Ask Jenny Ross: How do I choose the right independent financial adviser for me?

An independent financial adviser looks at the whole of the market when deciding which products best suit your needs

Answer: A good independent financial adviser (IFA) can take the stress out of life’s more complicated financial decisions and set you up for the future. But if you haven’t sought advice before, a lack of transparency can make it difficult to get started. I’ll talk you through the truth about IFAs – the costs, the value they offer and how to get the best advice for your money.

First a brief definition: an independent financial adviser is one that looks at the whole of the market when deciding which product(s) best suit your needs. Restricted advisers on the other hand can only recommend certain products or providers. All advisers must be approved by the Financial Conduct Authority and meet the same requirements to make sure they’re providing suitable advice.

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Advisers aren’t required to display costs on their websites, and most won’t give an indication of costs until they’ve met you, to ensure their quote is accurate based on your financial situation. But this can encourage people to go with the first IFA they meet.

Only 12 per cent of people who’ve taken advice told us they got more than one quote before choosing an adviser. We recommend getting three.

When looking for an IFA, a comparison site is the best place to start. Unbiased and Vouched For are the biggest. Use their filters to narrow down a shortlist based on areas of expertise and customer reviews, then set up meetings with at least three. If you don’t need to meet your adviser in person, looking beyond your local area could save you money. For instance, Vouched For data reveals average financial planning costs in South East England to be higher than in the North.

Once you’ve met IFAs, you’re better placed to compare costs – including those that aren’t immediately visible.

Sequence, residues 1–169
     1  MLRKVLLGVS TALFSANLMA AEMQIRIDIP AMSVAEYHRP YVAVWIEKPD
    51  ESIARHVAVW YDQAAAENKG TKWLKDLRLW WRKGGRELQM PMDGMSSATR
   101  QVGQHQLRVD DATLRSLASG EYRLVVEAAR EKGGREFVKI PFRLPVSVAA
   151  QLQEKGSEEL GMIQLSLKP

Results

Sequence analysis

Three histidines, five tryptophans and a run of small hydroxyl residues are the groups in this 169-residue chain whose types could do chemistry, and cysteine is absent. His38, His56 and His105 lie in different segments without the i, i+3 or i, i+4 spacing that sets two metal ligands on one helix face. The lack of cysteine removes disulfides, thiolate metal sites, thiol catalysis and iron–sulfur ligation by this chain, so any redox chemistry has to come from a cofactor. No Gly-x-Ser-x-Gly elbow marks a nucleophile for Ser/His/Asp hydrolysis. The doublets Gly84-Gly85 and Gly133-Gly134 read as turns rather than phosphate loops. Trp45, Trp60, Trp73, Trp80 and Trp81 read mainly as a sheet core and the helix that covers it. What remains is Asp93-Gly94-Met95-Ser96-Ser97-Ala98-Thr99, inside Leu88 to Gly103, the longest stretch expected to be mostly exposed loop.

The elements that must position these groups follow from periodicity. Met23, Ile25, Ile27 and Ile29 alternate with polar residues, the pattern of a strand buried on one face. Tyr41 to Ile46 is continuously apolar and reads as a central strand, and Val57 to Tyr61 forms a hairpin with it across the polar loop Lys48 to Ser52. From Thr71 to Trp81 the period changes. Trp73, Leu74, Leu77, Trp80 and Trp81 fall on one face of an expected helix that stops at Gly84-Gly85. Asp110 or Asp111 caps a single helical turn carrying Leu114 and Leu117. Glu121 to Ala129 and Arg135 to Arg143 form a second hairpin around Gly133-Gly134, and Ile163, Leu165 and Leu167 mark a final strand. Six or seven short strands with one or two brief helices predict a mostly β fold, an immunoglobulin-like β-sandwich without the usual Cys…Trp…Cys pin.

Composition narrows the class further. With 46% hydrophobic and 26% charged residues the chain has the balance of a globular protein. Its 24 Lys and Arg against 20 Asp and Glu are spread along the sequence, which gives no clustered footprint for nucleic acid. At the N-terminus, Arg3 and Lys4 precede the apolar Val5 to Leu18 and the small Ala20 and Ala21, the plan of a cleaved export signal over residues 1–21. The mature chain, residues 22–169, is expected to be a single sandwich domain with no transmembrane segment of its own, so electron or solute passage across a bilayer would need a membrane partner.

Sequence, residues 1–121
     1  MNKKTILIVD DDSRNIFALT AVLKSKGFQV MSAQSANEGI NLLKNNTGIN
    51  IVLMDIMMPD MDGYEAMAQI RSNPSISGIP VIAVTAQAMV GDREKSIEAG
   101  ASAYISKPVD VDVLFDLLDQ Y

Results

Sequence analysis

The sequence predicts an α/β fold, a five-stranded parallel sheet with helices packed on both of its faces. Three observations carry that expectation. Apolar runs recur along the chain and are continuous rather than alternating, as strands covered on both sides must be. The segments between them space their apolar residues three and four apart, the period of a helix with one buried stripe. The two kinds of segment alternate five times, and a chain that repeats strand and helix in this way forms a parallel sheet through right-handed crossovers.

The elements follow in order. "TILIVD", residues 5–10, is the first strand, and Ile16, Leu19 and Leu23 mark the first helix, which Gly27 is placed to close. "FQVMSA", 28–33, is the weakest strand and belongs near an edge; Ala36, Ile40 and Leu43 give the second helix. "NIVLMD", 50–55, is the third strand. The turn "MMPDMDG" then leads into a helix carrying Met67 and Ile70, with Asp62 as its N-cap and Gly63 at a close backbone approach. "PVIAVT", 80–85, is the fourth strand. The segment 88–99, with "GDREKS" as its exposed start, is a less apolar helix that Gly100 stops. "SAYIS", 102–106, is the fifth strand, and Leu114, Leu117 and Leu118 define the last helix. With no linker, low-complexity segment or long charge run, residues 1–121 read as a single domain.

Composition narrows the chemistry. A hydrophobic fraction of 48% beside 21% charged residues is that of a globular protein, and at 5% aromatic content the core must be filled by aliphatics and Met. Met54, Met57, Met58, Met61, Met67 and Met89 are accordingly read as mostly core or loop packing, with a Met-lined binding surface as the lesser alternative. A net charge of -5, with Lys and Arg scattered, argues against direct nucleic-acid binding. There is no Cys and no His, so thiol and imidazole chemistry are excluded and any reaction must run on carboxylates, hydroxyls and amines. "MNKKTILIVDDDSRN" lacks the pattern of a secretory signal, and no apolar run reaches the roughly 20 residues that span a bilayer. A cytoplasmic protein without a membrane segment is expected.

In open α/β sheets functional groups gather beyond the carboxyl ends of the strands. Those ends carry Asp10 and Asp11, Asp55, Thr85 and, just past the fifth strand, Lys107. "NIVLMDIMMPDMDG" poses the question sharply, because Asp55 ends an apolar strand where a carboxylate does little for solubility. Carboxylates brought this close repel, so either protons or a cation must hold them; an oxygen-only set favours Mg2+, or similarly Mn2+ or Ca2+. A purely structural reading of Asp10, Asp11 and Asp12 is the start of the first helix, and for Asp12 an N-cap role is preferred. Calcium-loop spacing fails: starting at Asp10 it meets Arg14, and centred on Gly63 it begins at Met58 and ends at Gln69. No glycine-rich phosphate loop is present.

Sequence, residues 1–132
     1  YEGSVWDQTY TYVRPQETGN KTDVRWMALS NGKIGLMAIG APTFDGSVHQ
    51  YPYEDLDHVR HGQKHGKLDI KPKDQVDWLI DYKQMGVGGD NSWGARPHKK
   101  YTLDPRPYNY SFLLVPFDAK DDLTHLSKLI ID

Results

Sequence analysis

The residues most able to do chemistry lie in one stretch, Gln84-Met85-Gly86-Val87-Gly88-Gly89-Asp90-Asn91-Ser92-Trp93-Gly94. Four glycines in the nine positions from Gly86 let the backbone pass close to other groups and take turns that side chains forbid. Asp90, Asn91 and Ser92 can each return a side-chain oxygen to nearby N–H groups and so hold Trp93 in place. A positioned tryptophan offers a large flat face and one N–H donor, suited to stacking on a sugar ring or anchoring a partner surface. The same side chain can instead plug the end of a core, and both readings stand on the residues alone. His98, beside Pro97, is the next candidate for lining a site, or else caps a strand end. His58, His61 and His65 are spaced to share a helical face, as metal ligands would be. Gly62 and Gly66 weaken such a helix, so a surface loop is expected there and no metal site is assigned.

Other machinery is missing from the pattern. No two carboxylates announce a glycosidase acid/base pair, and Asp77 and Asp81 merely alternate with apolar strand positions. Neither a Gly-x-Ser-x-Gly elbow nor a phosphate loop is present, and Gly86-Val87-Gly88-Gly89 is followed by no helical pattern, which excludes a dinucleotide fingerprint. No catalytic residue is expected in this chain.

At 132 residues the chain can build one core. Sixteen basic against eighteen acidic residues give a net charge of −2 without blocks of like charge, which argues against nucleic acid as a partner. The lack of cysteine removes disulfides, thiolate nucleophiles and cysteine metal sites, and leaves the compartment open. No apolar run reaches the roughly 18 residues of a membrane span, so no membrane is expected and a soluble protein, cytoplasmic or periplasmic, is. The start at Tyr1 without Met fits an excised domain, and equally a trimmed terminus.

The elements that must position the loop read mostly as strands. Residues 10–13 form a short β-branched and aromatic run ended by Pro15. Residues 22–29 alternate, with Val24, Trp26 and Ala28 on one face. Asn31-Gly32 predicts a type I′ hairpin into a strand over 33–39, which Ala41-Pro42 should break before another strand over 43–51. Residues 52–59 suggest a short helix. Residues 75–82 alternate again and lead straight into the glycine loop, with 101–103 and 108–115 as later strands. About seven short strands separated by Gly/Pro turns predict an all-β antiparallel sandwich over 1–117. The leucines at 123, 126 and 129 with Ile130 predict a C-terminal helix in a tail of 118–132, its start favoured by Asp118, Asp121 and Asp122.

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Among these are fund charges, platform charges and exit fees. Based on the ongoing charges figure (OCF) – the standard way to compare fund costs – the typical annual cost for an actively managed fund ranges between 0.75 per cent to 1.25 per cent, tracker funds from 0.25 per cent to 0.85 per cent and investment trusts from 0.8 per cent to 1.8 per cent, according to the Money Advice Service.

Ask IFAs to disclose all fees upfront and, if they favor more expensive funds, to explain why. On top of fund fees you may find discretionary fund management charges. Some advisers outsource their investment decisions to a discretionary fund manager, who’ll build and manage a bespoke portfolio for you. However, this service adds an extra layer of costs compared with IFAs who offer in-house portfolios, so ask yourself whether you need it.

Many people have found themselves priced out of financial advice. According to the FCA, the average advised customer has more than £150,000 of assets.

You can use Vouched For or Unbiased to filter advisers according to your investment pot size. If you can’t afford the remaining options, you could pay an IFA a fixed fee to get one-off advice, rather than pay for an ongoing service.

Which? Money subscribers have another option: to call the Which? Money Helpline. With more than 100 years of experience in financial services between them, our team of experts can provide information on a range of personal finance topics, including investment options but also insurance, care costs, tax, savings and seeking reimbursement after a scam.

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George Holan

George Holan is chief editor at Plainsmen Post and has articles published in many notable publications in the last decade.

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